'Pecking Disorder' – a story about growing up as a gay man in rural Tasmania in the 1970’s
Pecking Disorder by Robert Moore will be launched on November 16and is a story based on his experience of growing up in Tasmania on a family hop farm. Robert is a widely published writer of poetry, plays, articles, short stories and children’s books, and he’s also a home care client of St Louis.
In a conversation with Robert, he discusses how his home care package not only frees him up to do what he loves which is writing, he’s also had more work published since having this additional support.
We interviewed Robert about his upcoming book.
What inspired you to write Pecking Disorder?
Pecking Disorder is based on the story of my family. There was a lot of story to tell and plenty of drama - two gay brothers growing up in a conservative rural environment in Tasmania in the 1970’s!
You could not come out and say that you were gay. You were always asked if you had met a nice ‘sheila’ and when you were going to get married.
As a gay person in Tasmania in the 1970’s, you braced yourself while hiding behind what was considered normal in our community. The word ‘normal’ was often used, it was the vogue expression. My father once said of a person in our community who we knew had committed acts of domestic violence – at least he’s normal! To be gay was considered far less normal than someone who beat up members of their family.
The family farm was going to be passed onto my brother who was the first born. He was a champion rower in Tasmania, was well known and engaged to be married, but he was leading a double life.
My parents found out he was gay through my brother’s fiancé after he broke off the engagement. It was a shock for them and their reaction was ‘what will people say?’ – they had a reasonably high standing in their local community so they concocted a story that my brother had falling out with my father and left the family farm. It was a traumatic time in our family.
The first born had left and I was next in the pecking order, which is why I called the book Pecking Disorder because it was all rather displaced. I was second born and male, I was not the chosen one and not as worthy, but the preparation began for me to take over the family farm and I was groomed appropriately. History was repeating itself once again.
I was dealing with being gay in my own way, listening to people speaking about gays in derogatory terms such as ‘poofter’ and ‘camp’. I was terrified of admitting I was gay, there was so much at stake. My sentiments back then were that my family had been hurt in such a disgusting and abominable way so my duty was to do what I was asked - mind the coop, look after my parents and make sure they didn’t suffer anymore.
My father asked me some days later after brother departed if I was gay and I did not admit it. I was fearful and wanted to protect myself and family. I feared violence, rejection, and the consequences of being openly gay in a world that would not accept it.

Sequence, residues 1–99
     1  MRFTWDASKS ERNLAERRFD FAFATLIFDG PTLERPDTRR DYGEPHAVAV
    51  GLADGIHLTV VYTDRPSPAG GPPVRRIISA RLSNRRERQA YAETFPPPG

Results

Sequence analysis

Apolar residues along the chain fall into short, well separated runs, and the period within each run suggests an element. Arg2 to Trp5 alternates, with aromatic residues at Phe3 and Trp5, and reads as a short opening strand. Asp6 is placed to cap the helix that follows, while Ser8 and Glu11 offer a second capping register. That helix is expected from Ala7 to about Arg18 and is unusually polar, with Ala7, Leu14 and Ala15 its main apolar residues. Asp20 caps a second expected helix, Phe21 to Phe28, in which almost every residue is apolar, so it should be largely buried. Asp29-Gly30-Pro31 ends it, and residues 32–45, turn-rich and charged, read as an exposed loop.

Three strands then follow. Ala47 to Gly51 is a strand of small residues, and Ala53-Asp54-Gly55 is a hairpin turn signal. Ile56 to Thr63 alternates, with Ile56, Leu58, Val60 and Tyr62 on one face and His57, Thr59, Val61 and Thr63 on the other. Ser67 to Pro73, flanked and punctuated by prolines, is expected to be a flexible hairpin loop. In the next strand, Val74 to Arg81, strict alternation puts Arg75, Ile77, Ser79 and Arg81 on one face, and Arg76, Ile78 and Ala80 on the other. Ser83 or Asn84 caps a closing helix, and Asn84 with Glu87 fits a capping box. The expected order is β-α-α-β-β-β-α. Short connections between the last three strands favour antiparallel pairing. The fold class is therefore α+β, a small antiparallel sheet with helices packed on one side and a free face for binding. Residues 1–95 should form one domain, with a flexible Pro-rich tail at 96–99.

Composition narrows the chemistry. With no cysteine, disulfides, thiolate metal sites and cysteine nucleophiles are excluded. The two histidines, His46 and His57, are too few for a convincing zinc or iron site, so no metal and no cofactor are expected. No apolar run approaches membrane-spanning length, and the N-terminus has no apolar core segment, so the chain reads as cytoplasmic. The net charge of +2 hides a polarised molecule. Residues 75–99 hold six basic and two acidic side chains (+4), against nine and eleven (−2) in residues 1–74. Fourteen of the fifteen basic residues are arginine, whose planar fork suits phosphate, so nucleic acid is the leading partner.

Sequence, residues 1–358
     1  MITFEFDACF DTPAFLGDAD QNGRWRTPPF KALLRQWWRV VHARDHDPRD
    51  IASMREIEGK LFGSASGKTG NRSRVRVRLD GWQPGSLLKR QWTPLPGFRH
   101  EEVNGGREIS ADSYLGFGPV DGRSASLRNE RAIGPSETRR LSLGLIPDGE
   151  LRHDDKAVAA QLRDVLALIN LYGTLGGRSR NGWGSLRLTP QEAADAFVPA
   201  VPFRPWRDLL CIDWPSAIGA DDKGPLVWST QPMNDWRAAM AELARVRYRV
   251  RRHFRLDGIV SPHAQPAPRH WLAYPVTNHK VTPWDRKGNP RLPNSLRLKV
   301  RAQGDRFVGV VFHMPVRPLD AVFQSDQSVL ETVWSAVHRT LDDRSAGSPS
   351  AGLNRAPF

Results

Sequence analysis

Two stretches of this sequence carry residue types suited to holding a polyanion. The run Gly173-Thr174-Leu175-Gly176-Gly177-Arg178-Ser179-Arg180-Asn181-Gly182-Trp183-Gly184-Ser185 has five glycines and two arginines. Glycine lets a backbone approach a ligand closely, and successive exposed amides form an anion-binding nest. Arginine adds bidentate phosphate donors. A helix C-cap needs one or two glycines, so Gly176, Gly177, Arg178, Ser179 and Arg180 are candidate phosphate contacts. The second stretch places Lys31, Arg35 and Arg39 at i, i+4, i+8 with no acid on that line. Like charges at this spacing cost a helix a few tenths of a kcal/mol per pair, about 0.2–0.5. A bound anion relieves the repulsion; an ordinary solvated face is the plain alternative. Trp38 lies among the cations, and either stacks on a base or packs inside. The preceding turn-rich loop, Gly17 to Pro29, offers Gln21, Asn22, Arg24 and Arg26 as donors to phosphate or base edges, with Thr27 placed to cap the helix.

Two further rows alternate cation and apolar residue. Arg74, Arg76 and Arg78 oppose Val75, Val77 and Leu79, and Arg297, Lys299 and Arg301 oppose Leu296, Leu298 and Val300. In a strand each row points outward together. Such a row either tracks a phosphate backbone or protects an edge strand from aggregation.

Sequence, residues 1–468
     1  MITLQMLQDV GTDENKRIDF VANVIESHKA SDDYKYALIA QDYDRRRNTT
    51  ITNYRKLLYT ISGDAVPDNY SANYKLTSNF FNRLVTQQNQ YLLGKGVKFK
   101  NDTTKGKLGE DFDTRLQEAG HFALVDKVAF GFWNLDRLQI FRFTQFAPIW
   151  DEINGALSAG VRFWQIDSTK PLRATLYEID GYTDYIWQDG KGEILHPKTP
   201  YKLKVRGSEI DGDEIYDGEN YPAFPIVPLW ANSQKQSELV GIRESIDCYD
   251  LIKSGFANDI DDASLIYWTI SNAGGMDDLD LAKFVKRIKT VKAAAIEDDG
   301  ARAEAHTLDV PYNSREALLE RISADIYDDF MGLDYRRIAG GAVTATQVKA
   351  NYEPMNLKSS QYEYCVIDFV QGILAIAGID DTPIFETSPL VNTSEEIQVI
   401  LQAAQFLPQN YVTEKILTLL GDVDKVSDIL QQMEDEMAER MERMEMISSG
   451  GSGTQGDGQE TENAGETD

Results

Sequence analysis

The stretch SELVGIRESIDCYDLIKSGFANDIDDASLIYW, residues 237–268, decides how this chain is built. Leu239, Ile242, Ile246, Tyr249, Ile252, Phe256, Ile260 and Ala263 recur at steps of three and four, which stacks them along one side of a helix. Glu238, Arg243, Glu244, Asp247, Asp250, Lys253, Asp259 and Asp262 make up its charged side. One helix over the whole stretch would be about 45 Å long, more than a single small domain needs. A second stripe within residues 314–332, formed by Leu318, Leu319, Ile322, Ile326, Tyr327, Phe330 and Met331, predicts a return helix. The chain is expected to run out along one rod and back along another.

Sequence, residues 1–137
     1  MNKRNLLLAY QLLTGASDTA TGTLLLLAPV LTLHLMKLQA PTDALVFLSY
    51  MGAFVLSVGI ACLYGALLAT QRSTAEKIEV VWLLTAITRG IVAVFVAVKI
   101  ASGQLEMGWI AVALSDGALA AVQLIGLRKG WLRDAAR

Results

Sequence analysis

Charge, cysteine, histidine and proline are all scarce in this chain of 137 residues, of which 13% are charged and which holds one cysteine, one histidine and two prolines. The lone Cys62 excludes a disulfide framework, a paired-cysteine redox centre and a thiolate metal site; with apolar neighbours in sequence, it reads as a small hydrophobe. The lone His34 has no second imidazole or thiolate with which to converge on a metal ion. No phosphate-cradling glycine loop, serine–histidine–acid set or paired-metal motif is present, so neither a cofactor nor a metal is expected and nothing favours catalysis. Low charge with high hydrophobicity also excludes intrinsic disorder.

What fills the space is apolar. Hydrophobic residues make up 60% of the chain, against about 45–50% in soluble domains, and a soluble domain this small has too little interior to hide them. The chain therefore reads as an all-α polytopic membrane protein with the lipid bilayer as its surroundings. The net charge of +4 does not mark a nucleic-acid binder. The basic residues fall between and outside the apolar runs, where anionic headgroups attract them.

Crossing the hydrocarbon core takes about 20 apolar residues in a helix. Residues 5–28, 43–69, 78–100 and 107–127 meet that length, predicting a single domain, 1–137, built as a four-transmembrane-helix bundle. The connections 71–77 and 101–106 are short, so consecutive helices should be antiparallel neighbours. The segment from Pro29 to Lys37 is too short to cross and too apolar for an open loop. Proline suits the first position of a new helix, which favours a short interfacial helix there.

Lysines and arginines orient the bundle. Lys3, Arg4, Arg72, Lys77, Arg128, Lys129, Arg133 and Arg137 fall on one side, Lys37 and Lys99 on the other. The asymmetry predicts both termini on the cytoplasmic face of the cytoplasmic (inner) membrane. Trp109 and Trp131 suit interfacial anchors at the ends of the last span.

There was so much tension, drama and secrecy and eventually it had to explode out of me onto the page. I never openly acknowledged being gay with my parents although they suspected. I wrote about it after they had died, and that’s how Pecking Disorder came about.
The story has a ‘Happy For Now’ ending as opposed to a ‘Happy Ever After’ ending, the journey continues and that’s just life.
A brief synopsis of Pecking Disorder
It is 1971 Hobart, Tasmania. Ross Mayne is about to turn eighteen. He is boarding at Yurnadinah, an education department hostel to complete Year 12. He has been away from the family hop farm for a month. The night before he returns home an unexpected liaison with Michael Nichols, sends him into a spin.
An anxious weekend of discussions, disclosures and secrets unfolds. Phillip, Ross’s older brother leaves home in a hurry. Fearing what people might say, the Mayne family fabricate a story about Phillip’s departure. Ross is offered the family farm, something that has always been Phillip’s birthright.
Ross experiences contradictory feelings. Some set him free. Others imprison him. While his eighteenth birthday is soon to be celebrated, he is conscious of upholding and protecting the image and beliefs of his parents. He relegates his own desires to a challenging second place – a place where there is plenty of ammunition to destroy a sensitive soul.
Ross has an ear for music and loves ‘to get away from it all’ by improvising on his piano. This gift produces spectacular results during difficult times. Ross’s music teacher encourages him to play an original composition for a school assembly.
Ross comes home on a weekly basis to help the family flock regroup. His feelings for Michael blossom and are reciprocated. A teacher counsels him and he visits a GP and psychiatrist. However, there are more demands after his sister Fiona drops a bombshell to rival Phillip’s. Ross stays at the hostel the weekend prior to his eighteenth birthday.
In chapter thirty-five, the final chapter, Ross and Michael have a passionate heart to heart encounter on Queens Domain above Hobart.
Ross is unprepared for Michael’s revelation about his own family.
Pecking Disorder launch details – November 16, 2019
Pecking Disorder will be launched with book signings and refreshments provided.
Date: Saturday November 16, 3pm
Venue: Treasury 1860, 144 King William Street, Adelaide, SA, 5000
Want to learn more?